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Democrats, Republicans battle over budget



WASHINGTON (CNN) -- Blaming each other for the shrinking budget surplus, Republicans and Democrats offered contrasting proposals Sunday on how to keep government spending and revenue in check.

Several prominent Republicans pushed for a cut in the capital gains tax to spur economic growth, with Senate Minority Leader Trent Lott saying an across-the-board spending cut may also be needed.

But Democrats said there was no way to avoid dipping into the Social Security surplus to meet President Bush's top priorities -- defense and education.

"As a practical matter, I don't think the president has left us with any choice," Sen. Joseph Biden, D-Delaware, said on NBC's "Meet the Press."

 What's in a 'surplus'?
The U.S. figures its annual bottom line by including all tax revenues - including taxes that can only be used to pay Social Security benefits. If revenues fall short, the government has customarily borrowed from Social Security.

Here's the math behind the Congressional Budget Office prediction:

$153 billion = Total budget surplus
$162 billion = Off-budget surpluses*
$9 billion = Shortfall

*Includes Social Security trust funds as well as the net cash flow of the Postal Service

What's the impact?
If Congressional Budget Office estimates are correct and the government needs to borrow from the Social Security trust fund, here are the effects of the move:

  • Social Security benefits are not affected.

  • Money taken out of the trust fund would be credited to the Social Security account.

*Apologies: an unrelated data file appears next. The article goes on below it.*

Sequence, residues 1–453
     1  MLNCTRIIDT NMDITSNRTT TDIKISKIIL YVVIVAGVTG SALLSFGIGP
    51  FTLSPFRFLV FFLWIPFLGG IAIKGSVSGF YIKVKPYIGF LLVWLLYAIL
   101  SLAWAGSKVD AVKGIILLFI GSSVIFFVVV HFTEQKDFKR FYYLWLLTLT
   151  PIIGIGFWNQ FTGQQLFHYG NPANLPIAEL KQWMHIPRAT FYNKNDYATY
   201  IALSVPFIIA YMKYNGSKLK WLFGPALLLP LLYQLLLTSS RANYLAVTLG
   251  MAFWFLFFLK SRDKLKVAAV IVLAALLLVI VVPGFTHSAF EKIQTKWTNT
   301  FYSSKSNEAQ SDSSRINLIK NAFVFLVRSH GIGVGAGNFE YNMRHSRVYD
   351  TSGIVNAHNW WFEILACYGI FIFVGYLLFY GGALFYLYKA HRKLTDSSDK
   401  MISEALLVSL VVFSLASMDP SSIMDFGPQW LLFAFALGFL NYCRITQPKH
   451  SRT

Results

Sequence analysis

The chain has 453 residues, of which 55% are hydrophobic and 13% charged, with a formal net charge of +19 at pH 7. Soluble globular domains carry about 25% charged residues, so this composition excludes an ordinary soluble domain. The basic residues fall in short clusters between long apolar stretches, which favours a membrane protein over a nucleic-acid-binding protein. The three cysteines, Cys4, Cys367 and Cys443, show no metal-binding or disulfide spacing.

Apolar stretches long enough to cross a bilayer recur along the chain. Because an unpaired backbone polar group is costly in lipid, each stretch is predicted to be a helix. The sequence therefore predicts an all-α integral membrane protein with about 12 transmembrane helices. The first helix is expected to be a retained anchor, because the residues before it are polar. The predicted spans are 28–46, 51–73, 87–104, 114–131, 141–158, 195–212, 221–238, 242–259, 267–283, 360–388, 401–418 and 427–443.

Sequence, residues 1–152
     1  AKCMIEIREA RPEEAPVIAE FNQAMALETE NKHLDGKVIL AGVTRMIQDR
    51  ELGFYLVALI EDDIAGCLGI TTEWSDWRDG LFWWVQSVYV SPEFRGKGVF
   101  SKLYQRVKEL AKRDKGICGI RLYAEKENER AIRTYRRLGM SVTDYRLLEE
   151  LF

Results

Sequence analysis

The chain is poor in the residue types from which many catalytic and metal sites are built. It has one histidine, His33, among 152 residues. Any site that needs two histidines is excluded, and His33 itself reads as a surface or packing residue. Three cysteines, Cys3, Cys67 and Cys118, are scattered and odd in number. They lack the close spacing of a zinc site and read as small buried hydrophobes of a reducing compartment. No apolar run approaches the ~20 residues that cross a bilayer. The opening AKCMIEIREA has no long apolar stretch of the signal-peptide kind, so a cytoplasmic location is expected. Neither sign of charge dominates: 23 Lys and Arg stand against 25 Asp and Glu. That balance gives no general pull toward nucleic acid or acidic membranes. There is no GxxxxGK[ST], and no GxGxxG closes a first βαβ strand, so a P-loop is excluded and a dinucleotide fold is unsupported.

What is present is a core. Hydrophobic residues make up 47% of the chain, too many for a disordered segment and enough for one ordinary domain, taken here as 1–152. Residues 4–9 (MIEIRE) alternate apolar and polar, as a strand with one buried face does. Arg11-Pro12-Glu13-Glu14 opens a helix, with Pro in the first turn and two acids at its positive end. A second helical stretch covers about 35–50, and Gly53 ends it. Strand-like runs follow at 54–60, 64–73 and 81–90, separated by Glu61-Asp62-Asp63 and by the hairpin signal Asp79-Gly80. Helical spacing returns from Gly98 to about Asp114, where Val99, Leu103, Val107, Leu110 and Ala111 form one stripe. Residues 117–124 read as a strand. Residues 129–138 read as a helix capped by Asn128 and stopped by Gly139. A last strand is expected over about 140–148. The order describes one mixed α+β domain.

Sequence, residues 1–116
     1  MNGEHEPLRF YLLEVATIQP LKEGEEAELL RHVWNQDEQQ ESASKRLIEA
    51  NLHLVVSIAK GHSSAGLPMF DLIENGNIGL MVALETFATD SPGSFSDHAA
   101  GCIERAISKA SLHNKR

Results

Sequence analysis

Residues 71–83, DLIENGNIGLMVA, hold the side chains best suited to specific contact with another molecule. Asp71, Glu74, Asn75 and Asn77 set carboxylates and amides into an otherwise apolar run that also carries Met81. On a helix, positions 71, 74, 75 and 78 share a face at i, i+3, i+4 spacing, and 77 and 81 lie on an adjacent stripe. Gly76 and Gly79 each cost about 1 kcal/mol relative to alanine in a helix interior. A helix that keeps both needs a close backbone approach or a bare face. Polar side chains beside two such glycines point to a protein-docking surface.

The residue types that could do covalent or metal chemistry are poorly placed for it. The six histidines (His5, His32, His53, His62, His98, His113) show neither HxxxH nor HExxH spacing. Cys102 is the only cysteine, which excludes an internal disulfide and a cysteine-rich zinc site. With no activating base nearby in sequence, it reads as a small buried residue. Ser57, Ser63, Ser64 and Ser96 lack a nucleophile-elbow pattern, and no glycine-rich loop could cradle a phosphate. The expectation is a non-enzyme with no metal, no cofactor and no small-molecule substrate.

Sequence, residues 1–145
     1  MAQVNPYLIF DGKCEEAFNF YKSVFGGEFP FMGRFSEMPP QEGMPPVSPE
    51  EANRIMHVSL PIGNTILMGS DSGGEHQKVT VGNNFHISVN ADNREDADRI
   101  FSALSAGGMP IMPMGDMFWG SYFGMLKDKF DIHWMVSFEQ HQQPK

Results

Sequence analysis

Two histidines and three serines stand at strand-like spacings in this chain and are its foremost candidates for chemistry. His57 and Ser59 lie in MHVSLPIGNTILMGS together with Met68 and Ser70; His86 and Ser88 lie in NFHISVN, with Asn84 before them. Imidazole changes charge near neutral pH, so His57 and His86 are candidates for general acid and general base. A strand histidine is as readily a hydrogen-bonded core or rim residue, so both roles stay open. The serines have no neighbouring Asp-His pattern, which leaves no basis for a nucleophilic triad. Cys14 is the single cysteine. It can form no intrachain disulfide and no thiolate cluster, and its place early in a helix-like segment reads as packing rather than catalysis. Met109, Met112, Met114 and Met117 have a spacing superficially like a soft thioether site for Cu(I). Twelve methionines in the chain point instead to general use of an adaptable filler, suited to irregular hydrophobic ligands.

• It could slow down the pace of paying off long-term debt.

  • Some Democrats said Bush should submit a whole new budget in light of the tepid economy and recent surplus projections.

    Speaking on CBS's "Face the Nation," Sen. John Kerry, D-Massachusetts, said the administration needs to put forward a budget that has "numbers in it that are real."

    The latest round of political haggling follows reports that Mitch Daniels, the White House budget director, informed congressional Republicans on Friday that at least $10 billion from the so-called Social Security surplus is needed to balance the budget.

    Both Bush and many members Congress have previously vowed not to take that step.

    The shrinking surplus, coupled with a rising unemployment rate, has intensified this fall's fight over the economy and budget.

    Senate Majority Leader Tom Daschle, D-South Dakota, said Democrats feel the White House must act first to resolve the dilemma.

    "I think it's not really our responsibility to offer ways out of the Bush economy," he said. "It is the president that got us to this situation. I think it is the president that needs to lead us out. I have pledged my cooperation."

    As they have for months, Democrats cited Bush's $1.35 trillion tax cut as one reason the surplus has diminished. The White House maintains the tax cut is just what is needed to kick-start the economy.

    The president "remains open-minded" about a capital gains tax cut, said Jennifer Millerwise, a White House spokeswoman. He "remains confident that tax cuts and the federal reserve interest rate cuts are the right remedy and will encourage the growth needed to bring the economy back," she added.

    Congressional Republicans want to reduce the tax on such capital gains from 20 to 15 percent --one of several measures they say could boost the economy.

    Lott told CNN's "Late Edition with Wolf Blitzer" that an across-the-board spending cut might have to be considered.

    "You're talking about an infinitesimal amount, probably less than, you know, five-tenths of 1 percent of the overall budget," Lott said. "It can be done."






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